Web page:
It is as a means toward this end that God is now permitting the world to run riot in the spirit of this world (Selfishness) that the counsel of heavenly Wisdom may be justified when those moved by earthly wisdom (Selfishness) shall be snared in their own devices.

[R1520 : page 125]

To his people God saith: "Wait ye upon me [Be patient, Brethren]; for my determination is to gather the nations, that I may assemble the kingdoms, to pour upon them my fierce anger; for all the earth [society] shall be devoured with the fire of my jealousy; and then will I turn unto the people a language of sincerity [love will then mean love], and they shall all call upon the name of the Lord, to serve him with one consent."—Zeph. 3:8,9.

[R1520 : page 125]



II. QUAR., LESSON VI., MAY 7, PROV. 3:11-24.

Golden Text—"Trust in the Lord with all thine heart, and lean not unto thine own understanding."—Prov. 3:5.

With a clear understanding of the purpose of this book, which, as we have seen, is for the moral instruction of all of the children of God (those who are now his children, or those who shall become his children during the Millennial age), there is less necessity for explanation than for careful personal consideration and application. They are certainly worthy to be bound about the neck and written upon the table of the heart.—Verse 3.

VERSES 11,12 are given an inspired comment in Heb. 12:4-13.

VERSES 13-18 represent the happiness and blessedness of the man that findeth wisdom—not the wisdom of this world which is foolishness with God, and which is earthly, [R1520 : page 126] sensual and often devilish (1 Cor. 3:19; Jas. 3:15), but the wisdom of meekness that is from above, and is "first pure, then peaceable, gentle and easy to be entreated, full of mercy and good fruits, without partiality and without hypocrisy." (Jas. 3:13,14,17.) Those who have this kind of wisdom—viz., that attitude of heart and mind which fits us to receive the instruction of the Lord and to profit by it—are sure to get understanding of whatever truth is meat in due season for them. "The wise shall understand." And in the understanding of God's ways there is joy and peace and blessing which the world can neither give nor take away. Verse 18 is a beautiful reference to the restitution to the trees of life and the Edenic bliss, of all who shall "lay hold upon" and "retain" that heavenly wisdom of meekness and entire submission to the will of God. And truly, "Her ways are ways of pleasantness, and all her paths are peace."

VERSES 19,20. It was this same kind of wisdom, described above as pure, peaceable, merciful and kind, that actuated God when he established the heavens and founded the earth. And in consequence we see the beautiful harmony of the material universe, and experience the blessings of those beneficent laws of nature so beautifully adapted to our necessities.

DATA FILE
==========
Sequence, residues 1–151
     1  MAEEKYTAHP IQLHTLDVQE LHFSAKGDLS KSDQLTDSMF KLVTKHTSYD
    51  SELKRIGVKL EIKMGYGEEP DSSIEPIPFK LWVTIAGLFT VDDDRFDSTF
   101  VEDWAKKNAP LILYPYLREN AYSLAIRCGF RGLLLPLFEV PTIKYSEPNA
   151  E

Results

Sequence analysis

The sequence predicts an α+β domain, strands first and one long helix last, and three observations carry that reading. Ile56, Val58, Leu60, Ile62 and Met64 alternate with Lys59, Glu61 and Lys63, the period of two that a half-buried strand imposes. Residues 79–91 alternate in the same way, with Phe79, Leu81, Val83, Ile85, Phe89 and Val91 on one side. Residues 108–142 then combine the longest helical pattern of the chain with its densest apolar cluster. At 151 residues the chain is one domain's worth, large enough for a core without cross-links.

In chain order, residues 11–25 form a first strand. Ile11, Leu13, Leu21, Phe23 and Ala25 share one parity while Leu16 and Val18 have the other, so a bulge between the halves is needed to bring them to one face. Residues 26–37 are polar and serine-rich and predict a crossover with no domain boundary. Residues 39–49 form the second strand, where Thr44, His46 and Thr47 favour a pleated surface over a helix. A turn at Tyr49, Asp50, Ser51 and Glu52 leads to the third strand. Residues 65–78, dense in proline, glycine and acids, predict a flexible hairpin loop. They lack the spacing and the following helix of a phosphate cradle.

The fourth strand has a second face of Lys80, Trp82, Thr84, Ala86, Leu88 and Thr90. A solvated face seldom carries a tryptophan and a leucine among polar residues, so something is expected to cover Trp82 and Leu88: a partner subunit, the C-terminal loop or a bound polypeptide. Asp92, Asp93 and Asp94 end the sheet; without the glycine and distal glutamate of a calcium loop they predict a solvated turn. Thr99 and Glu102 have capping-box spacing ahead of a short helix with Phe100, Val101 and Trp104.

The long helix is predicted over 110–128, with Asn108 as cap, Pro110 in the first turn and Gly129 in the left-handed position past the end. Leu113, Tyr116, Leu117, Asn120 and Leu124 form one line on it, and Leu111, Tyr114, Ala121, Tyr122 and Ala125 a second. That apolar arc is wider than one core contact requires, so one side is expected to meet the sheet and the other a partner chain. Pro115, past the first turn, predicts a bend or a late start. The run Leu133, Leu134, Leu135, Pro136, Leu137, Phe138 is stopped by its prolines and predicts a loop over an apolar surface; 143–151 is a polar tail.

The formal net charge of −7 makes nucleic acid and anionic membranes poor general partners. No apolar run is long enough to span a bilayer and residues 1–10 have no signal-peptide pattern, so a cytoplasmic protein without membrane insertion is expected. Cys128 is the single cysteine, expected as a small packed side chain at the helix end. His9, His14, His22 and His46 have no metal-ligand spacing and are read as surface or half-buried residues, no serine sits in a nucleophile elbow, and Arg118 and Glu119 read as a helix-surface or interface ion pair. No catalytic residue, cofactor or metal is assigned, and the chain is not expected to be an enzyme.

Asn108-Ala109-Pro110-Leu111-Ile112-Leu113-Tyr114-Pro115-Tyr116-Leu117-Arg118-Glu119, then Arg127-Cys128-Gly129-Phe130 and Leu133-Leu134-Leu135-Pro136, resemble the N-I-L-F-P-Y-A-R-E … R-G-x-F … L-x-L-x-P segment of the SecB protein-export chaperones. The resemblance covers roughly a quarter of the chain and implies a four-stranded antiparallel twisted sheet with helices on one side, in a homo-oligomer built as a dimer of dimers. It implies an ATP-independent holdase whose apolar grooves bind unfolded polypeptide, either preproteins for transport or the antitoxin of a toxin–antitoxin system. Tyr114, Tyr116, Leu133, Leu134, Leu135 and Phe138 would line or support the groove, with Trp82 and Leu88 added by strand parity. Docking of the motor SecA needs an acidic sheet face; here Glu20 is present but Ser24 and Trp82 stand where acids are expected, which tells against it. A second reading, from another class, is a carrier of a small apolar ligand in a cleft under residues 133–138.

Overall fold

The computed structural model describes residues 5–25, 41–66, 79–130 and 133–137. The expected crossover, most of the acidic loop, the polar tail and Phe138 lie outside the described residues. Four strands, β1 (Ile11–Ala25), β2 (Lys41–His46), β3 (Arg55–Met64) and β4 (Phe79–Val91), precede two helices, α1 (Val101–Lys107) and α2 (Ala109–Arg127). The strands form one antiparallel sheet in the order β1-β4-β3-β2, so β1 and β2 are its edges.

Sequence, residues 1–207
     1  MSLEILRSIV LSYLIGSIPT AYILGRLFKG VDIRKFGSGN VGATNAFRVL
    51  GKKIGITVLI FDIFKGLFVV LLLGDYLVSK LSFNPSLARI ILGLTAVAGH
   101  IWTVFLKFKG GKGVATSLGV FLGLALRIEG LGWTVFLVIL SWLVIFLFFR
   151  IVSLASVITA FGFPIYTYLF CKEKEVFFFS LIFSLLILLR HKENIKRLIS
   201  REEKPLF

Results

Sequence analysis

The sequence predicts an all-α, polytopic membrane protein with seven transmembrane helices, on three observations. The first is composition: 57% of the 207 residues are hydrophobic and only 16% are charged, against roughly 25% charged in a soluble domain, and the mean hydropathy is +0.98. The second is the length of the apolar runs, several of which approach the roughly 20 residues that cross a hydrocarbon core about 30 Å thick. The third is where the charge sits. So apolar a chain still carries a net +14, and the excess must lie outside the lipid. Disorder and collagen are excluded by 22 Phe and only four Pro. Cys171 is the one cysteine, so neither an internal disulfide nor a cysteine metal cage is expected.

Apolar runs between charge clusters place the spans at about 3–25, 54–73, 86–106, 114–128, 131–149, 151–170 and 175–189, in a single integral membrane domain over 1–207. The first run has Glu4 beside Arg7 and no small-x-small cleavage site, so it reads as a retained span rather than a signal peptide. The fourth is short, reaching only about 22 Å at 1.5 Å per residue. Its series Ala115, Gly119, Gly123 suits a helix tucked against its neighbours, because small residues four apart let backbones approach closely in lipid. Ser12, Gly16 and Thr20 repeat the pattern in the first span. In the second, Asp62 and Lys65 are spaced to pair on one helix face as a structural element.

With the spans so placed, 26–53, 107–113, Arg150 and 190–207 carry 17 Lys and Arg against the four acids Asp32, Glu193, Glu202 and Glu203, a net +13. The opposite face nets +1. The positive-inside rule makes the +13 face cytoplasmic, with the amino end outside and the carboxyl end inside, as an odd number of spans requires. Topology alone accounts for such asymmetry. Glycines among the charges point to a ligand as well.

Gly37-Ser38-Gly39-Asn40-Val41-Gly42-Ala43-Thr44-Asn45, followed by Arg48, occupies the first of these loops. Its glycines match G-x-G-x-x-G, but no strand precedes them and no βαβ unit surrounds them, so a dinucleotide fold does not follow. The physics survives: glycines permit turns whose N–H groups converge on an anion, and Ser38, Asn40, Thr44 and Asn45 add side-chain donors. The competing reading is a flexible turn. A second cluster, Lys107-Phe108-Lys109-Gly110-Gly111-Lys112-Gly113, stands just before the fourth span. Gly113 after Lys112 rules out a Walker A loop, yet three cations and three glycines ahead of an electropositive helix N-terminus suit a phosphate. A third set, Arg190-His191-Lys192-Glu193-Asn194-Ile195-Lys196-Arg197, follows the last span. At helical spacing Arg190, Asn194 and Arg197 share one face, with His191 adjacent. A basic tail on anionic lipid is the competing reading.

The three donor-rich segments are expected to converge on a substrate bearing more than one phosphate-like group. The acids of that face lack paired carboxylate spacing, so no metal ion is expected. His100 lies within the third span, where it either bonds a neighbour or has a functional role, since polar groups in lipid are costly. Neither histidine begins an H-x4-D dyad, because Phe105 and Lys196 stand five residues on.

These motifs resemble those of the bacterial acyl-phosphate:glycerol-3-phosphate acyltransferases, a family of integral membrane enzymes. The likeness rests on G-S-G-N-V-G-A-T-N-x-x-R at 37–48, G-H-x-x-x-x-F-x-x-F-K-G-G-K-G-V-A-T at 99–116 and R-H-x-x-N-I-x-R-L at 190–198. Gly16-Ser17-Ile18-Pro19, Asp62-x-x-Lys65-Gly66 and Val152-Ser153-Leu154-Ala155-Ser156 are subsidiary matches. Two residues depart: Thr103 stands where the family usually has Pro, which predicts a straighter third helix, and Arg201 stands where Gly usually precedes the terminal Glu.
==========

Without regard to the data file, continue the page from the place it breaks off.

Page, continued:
VERSES 21-26 are words which we cannot well afford to disregard: "Sound wisdom and discretion" (wise policy) are not only the course to eternal life, but even in the present time they bring grace, the favor of God, and preserve us from fear and from stumbling; and the Lord will keep the feet of all such from being caught in the snares of the adversary.

VERSES 27-30 counsel fair dealing with our fellow-men.

VERSES 31-35 counsel patient waiting for the rewards of righteousness and that we should not envy the wicked who prosper in the ways of oppression.

[R1520 : page 126]



II. QUAR., LESSON VII., MAY 14, PROV. 12:1-15.

Golden Text—"The fruit of the righteous is a tree of life, and he that winneth souls is wise."—Prov. 11:30.

The simple teachings of these proverbs are so plain as to need no explanation; but they are worthy of careful and prayerful pondering. They suggest a series of questions for self-examination which every child of God would do well to propound to himself in the quiet retreat of his accustomed place of prayer. Let him not ask himself, Am I perfect in every thought, word and deed, knowing that none of the fallen are so; but let him ask (verse 1), Do I love instruction and knowledge? am I seeking for it daily in the line of God's Word and providences? and am I ready to consider and heed reproof rather than to spurn and resent it? VERSE 2. Are the purposes of my heart all pure and upright, bringing with them a constant sense of the Lord's favor? VERSE 3. Am I rooted and grounded in the principles of righteousness, so that I will not swerve and cannot be moved? VERSE 4. Am I faithfully acting my part in my station in life—in my relationships to my fellow-men and my family?

VERSE 5. Am I keeping a vigilant guard over my thoughts, that they stray not into forbidden paths? VERSE 6. Am I ever ready to defend the righteous against the snares of the wicked? In these days when the wicked are devising perverse doctrines to overthrow the faith of the righteous, am I zealous in my endeavors to establish them in the right ways of the Lord? VERSES 7 and 8 are precious promises to the righteous. VERSE 9. "He that is despised and laboreth for himself is better than he that aimeth after honor and lacketh bread." How true!